As always, and despite Mr. Kushner's publicly stated comment that he aims to entertain, a Kushner libretto is more likely to be a contemplation of historic events than a light romp. The contemplative challenge begins with the title which points to a heroine named Caroline. Being Tony Kushner's Caroline (Tonya Pinkins), she is neither your traditional heroine or obsequious Southern "mammy" but a gruff, close-minded maid in Kushner's own native Lake Charles, Louisiana during the civil rights days of the early 1960s. Though Caroline gets top title billing, she's one figure in a large canvas that includes her children, her best friend, the family she works for -- not to mention appearances from The Moon (Adriane Lenox evoking memories of the Angel in Angels In America) and some other zestfully anthropomorphic characters to give a new twist to the much documented civil rights era.

That brings us to the "or Change " alternative title. It is change, and the sorrows, hopes and fears that accompany it, that encapsulate the playwright's intent. As with Edward Albee's The Goat or Who Is Sylvia, the two-in-one title is all of a piece. This is Caroline's story, her dissatisfaction with life coupled with her resistance to and discomfort with change and her very timid first step towards accepting it. This is a story about changes which are more to be borne than welcomed -- changes wrought by the death of a mother and wife, a bad relationship, or admired leaders like John F. Kennedy and Medgar Evers who were killed during the November through December 1963 period during which Caroline, or Change takes place.

The libretto is quite straightforward in detailing the interlinked stories of the Thibodeaux and Gellman families. As outsiders are bringing new ideas to the South, Rose Stopnick Gellman (Veanne Cox) has married her dead best friend's grief-stricken husband (David Constabile). Rose tries desperately to blend her Eastern liberalism with her new life, but her well-intentioned dual attempt to give Caroline some extra money and a fiscal responsibility lesson to her 8-year-old stepson (Harrison Chad) explode into a painful rift between him and the housekeeper he adores. The rift is triggered by mislaid small change and one twenty dollar bill. If this sounds rather trivial and mundane, Kushner adroitly uses this to show money to be the villain of the piece, the barrier that precludes real friendship between people whose connection to each other is a paycheck (the meagerness of that paycheck dictated by racial discrimination). The parallels between the changes in the lives of the two families and the larger events in the town and the rest of the country are drawn with wit and admirable restraint from sermonizing.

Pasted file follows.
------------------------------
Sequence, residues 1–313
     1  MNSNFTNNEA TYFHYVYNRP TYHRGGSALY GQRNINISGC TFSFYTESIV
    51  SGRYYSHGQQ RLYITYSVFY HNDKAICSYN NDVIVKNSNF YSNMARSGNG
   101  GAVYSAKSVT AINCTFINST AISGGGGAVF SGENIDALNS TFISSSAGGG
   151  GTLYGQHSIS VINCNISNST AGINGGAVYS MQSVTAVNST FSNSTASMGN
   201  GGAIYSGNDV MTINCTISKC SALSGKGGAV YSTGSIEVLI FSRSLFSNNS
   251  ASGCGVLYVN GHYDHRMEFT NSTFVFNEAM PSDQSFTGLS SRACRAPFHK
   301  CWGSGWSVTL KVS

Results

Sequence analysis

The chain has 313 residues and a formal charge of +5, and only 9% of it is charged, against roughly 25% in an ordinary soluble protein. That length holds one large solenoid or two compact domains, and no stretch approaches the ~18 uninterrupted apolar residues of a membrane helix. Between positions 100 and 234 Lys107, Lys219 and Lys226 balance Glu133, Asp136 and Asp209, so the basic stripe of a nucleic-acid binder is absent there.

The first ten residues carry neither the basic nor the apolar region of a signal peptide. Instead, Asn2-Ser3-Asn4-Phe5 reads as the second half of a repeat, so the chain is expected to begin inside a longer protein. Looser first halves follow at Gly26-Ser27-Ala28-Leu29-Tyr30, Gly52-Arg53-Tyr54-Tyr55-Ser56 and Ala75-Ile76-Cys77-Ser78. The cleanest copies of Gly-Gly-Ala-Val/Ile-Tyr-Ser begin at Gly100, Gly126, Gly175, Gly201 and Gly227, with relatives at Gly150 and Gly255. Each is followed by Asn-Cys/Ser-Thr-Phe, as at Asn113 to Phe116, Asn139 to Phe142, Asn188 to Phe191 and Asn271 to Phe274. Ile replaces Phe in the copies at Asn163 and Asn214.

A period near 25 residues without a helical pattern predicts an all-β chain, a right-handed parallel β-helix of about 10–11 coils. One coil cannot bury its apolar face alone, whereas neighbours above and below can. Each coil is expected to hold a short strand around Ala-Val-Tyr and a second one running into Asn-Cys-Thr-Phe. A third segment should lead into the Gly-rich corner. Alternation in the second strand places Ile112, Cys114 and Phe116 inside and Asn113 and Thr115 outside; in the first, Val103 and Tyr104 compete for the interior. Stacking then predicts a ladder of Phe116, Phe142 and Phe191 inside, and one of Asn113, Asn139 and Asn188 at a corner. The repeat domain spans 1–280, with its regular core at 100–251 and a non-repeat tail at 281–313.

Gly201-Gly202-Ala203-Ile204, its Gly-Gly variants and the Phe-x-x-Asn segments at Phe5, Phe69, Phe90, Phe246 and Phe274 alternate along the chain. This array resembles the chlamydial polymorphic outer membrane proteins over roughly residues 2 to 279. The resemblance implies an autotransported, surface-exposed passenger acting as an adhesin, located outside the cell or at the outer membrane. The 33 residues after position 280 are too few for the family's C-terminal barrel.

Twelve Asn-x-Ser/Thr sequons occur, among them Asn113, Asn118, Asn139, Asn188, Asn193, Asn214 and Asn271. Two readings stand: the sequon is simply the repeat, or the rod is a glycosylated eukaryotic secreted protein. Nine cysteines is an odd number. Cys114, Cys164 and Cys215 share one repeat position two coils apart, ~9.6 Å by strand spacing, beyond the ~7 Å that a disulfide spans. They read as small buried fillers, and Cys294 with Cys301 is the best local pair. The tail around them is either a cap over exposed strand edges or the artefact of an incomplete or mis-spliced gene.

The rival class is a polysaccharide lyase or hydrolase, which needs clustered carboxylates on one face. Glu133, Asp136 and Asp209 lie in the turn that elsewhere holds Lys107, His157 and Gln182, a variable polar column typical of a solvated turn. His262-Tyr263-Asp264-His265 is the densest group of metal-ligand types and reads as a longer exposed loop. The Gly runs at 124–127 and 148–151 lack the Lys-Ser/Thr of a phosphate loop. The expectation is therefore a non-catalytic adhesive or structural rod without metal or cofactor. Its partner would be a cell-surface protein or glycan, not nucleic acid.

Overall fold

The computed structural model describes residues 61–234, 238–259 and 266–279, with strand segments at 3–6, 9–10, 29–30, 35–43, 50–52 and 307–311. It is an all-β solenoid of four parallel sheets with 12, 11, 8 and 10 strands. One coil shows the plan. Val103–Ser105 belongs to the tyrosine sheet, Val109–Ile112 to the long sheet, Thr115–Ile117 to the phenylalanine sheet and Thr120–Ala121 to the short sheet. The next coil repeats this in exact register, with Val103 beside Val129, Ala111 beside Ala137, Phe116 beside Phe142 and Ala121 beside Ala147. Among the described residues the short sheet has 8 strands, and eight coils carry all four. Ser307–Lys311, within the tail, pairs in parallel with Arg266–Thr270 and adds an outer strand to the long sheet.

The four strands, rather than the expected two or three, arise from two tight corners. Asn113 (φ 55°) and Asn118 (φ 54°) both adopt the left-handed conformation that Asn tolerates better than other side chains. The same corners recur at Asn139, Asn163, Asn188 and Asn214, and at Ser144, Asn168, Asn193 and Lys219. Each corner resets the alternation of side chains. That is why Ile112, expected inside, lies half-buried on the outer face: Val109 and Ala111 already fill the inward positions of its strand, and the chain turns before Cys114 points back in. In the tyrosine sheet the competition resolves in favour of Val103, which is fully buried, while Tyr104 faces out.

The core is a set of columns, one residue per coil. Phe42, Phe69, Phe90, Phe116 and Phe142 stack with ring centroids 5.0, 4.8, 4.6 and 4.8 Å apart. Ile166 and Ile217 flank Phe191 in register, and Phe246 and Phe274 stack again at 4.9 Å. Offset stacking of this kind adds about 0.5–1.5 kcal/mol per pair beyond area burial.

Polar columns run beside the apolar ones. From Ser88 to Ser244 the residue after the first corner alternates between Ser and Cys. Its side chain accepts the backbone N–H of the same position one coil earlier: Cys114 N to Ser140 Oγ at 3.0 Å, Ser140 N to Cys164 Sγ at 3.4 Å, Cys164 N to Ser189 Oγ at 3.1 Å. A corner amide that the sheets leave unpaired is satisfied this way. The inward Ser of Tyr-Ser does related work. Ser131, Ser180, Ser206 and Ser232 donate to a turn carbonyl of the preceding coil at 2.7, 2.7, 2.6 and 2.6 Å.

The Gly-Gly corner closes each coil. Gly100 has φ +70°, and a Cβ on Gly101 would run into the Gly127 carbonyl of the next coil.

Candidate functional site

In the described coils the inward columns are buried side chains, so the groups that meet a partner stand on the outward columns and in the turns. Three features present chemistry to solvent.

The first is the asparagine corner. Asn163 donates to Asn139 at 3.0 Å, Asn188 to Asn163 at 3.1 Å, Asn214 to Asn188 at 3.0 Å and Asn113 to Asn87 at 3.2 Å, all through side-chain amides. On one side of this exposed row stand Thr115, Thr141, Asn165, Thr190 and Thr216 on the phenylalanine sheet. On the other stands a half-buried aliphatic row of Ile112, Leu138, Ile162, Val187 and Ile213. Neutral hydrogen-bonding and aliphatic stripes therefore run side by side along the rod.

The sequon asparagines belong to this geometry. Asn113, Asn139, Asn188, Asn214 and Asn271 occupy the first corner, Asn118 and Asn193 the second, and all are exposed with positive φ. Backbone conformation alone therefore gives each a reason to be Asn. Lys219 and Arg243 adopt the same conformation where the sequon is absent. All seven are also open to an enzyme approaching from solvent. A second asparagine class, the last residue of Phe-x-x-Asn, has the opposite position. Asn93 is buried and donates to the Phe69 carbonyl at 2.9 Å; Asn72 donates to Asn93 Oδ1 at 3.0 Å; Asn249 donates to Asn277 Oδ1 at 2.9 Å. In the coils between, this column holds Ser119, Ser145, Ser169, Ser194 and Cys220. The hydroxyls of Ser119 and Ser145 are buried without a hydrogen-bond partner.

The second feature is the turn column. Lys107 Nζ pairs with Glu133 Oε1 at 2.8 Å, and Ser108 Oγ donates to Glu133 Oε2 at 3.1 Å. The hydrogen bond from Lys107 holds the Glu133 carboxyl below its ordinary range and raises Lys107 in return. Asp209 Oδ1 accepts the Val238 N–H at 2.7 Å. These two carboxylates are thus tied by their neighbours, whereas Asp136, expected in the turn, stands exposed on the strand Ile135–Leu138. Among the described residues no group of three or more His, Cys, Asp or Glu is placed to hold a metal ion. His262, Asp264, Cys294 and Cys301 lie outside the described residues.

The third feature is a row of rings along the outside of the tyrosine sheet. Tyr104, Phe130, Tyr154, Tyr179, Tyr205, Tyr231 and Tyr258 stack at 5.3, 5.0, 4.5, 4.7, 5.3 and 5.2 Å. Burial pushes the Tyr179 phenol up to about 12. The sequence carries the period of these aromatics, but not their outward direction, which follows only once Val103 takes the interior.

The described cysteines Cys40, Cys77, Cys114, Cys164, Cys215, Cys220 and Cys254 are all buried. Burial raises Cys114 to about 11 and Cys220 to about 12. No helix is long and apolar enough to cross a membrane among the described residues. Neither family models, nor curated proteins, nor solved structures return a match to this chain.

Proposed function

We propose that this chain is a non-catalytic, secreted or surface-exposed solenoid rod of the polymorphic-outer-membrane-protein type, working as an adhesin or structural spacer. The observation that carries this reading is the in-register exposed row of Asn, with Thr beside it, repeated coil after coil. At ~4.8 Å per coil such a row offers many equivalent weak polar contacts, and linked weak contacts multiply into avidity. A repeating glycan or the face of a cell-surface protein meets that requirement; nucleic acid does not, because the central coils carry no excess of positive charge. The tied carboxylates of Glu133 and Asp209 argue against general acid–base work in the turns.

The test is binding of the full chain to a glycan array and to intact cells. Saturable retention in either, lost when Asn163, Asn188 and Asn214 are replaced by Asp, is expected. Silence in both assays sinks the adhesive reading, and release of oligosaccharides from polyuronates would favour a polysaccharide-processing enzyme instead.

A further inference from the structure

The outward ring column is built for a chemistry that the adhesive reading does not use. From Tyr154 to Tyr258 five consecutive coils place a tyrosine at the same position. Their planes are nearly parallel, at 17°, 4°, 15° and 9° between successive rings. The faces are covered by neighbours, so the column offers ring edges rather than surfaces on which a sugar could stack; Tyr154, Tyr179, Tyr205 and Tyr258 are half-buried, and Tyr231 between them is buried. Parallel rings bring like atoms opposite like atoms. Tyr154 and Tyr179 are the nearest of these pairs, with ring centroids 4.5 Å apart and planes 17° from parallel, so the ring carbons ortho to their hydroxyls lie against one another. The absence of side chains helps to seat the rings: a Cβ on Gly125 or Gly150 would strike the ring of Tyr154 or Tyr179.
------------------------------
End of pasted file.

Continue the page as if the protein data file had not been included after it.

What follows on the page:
The more surreal characters are not uniformly successful, but neither are they the stuff of scratch-your-head symbolism. A Supreme-like trio (Tracy Nicole Chapman, Marva Hicks and Ramona Keller) quite obviously represents the radio that is Caroline's companion in the basement laundry of the Gellman house. The woman and man (Capathia Jenkins and Chuck Cooper) popping up behind the washer and drier clearly give human faces and voices to the repetitive hum and whirl of Caroline's confined and impoverished world. It also doesn't take a symbol book to recognize Nature as the ever-present agent of change in Adriane Lenox's silvery-voiced Moon and the bus (the vivid Chuck Cooper again) as typifying the painfully slow and inadequate transportation available to the town's black population as well as the messenger announcing Kennedy's assassination. The program lists another animated character, a Confederate Statue (a second role for Reathel Bean who now appears only as Grandpa Gellman). This seems like a wise excision since dramatizing the toppling of that statue might have been an excess of the anthropomorphic conceit. With images of Saddam Hussein's statue being pulled off its pedestal in Baghdad still fresh in most people's minds, it might also have seemed like a self-conscious effort to have art imitate life.